Sept. 12 (Bloomberg) -- U.S. Representative Barney Frank, the top Democrat on the House Financial Services Committee, is renewing a push to remove Federal Reserve regional presidents from voting on central bank interest-rate decisions.
Frank, of Massachusetts, will submit a new version of legislation to cut the voting rights of five rotating regional representatives from the 12-member Federal Open Markets Committee, he said today. The revision of Frank’s May proposal calls for replacing them with four presidential appointees, according to a position paper released by his office.
Eliminating regional presidents, who are selected by board members of their banks and approved by Fed governors, will make interest-rate votes more democratic, Frank said in the paper. The 7-3 vote at the last FOMC meeting in August underlined the need to replace the presidents, who have become a “significant constraint on national economic policy making,” he said.
Regional presidents “are neither elected nor appointed by officials who are themselves elected,” Frank wrote in the paper. “They are part of a self-perpetuating group of private citizens who select each other and who are treated as equals in setting federal monetary policy with officials appointed by the President and confirmed by the Senate.”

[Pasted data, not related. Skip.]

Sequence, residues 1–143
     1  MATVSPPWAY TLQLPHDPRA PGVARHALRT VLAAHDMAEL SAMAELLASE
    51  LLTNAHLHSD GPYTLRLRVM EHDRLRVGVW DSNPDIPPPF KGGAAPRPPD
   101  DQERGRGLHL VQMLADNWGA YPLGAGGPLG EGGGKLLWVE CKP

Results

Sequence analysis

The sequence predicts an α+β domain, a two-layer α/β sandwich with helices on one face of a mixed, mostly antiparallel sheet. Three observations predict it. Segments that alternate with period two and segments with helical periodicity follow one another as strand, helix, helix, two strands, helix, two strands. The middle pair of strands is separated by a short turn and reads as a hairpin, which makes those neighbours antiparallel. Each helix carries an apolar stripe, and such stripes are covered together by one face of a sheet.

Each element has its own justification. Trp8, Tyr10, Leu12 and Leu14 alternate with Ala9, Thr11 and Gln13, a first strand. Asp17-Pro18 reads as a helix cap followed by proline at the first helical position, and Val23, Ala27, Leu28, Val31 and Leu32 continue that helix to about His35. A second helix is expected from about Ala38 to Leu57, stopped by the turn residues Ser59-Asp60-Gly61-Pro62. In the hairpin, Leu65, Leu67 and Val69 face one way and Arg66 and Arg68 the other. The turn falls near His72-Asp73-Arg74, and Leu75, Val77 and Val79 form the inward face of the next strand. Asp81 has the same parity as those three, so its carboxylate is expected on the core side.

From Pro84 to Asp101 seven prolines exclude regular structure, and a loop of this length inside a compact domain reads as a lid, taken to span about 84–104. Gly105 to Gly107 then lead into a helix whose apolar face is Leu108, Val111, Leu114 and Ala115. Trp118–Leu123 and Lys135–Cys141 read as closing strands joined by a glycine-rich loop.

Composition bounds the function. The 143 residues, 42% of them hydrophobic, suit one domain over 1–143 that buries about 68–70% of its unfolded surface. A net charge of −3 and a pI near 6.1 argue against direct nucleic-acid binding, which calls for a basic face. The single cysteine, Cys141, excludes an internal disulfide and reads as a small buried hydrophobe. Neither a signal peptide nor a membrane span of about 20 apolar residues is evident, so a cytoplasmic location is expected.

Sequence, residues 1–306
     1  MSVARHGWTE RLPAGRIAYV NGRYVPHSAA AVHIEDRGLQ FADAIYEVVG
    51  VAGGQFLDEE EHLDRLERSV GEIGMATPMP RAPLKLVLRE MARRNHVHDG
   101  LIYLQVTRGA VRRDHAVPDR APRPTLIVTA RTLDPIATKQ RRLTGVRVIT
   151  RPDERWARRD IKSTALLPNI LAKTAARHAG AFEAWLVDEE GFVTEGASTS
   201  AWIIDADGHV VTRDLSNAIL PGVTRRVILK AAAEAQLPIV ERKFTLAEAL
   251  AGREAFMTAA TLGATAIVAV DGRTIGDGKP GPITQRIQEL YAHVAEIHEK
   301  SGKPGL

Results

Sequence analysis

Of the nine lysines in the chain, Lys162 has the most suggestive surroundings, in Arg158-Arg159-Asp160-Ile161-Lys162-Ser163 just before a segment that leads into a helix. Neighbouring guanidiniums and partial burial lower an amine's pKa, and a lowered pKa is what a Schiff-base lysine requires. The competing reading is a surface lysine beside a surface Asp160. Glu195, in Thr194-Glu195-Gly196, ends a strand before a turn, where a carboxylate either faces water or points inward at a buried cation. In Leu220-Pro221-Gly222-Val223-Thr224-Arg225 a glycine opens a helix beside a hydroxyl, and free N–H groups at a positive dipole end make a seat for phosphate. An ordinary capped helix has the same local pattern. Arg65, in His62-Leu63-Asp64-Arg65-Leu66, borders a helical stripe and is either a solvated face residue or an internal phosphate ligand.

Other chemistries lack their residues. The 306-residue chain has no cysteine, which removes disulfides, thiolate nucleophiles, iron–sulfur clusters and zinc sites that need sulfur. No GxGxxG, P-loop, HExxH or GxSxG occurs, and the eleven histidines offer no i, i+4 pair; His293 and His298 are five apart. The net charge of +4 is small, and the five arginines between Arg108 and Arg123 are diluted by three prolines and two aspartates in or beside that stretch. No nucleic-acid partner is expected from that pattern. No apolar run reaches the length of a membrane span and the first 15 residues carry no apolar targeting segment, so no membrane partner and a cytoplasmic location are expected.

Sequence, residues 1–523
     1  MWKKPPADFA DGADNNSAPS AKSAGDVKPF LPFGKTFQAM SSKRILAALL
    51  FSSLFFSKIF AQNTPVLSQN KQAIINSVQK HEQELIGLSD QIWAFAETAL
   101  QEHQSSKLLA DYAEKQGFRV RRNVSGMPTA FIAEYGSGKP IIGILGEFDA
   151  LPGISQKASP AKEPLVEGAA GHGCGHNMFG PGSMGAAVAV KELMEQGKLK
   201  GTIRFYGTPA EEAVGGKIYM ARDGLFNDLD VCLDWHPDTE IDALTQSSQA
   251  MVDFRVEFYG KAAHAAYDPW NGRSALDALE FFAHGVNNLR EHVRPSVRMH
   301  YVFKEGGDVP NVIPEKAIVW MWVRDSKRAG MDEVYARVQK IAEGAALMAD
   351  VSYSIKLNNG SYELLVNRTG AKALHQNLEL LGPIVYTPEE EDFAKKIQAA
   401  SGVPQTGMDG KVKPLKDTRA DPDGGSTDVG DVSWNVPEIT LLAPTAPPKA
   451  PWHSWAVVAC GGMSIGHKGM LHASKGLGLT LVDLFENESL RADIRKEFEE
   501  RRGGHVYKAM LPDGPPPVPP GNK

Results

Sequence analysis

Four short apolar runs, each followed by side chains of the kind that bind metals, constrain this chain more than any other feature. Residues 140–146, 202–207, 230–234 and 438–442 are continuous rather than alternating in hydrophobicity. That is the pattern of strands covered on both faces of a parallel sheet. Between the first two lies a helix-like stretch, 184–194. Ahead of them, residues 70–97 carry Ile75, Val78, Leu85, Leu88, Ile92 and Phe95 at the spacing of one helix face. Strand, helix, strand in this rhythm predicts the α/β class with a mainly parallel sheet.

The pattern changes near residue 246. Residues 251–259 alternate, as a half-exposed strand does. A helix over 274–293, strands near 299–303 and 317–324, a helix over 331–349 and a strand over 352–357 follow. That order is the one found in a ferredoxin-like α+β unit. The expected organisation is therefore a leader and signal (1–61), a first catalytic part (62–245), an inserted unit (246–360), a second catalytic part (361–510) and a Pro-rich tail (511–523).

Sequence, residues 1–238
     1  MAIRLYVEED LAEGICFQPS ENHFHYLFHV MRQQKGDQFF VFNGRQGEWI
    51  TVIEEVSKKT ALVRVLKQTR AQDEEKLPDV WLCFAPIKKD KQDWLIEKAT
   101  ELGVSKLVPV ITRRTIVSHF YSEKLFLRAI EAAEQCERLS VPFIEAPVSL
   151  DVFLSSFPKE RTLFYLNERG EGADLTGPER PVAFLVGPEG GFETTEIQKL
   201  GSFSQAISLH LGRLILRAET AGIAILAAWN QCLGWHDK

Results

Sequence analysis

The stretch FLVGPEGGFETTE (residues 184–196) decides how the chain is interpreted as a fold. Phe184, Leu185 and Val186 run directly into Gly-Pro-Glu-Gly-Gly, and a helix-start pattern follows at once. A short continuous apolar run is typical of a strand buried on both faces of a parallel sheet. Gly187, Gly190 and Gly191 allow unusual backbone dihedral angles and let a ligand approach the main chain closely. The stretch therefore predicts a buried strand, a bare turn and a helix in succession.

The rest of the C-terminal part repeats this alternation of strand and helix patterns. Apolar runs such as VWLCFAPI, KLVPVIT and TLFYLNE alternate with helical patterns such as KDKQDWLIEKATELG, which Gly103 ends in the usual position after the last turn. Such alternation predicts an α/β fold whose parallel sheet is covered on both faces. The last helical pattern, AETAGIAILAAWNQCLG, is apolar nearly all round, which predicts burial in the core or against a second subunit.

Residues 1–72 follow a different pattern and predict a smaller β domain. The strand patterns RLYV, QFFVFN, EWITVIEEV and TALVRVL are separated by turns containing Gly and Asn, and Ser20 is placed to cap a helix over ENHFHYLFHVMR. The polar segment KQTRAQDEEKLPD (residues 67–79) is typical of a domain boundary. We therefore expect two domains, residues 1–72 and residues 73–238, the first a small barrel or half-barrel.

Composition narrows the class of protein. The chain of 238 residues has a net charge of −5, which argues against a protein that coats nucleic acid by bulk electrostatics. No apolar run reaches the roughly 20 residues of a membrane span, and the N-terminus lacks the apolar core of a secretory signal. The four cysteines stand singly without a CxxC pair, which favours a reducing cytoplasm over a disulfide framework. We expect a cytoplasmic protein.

The revisions address concerns that the input of regional representatives would go unheeded, while also adding a diversity of viewpoints, said Frank, whose May proposal has yet to attract co-sponsors.
Thomas Hoenig, president of the Federal Reserve Bank of Kansas City, told reporters at the time that changing the makeup of the FOMC would be “a tragic mistake.
--Editors: Gregory Mott, William Ahearn
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